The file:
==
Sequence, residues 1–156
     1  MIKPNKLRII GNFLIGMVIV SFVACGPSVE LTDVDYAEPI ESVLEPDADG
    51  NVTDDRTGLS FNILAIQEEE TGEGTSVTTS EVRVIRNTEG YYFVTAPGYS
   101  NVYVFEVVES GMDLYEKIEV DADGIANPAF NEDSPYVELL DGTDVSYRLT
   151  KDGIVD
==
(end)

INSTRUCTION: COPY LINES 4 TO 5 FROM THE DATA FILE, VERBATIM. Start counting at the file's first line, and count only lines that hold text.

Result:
   101  NVYVFEVVES GMDLYEKIEV DADGIANPAF NEDSPYVELL DGTDVSYRLT
   151  KDGIVD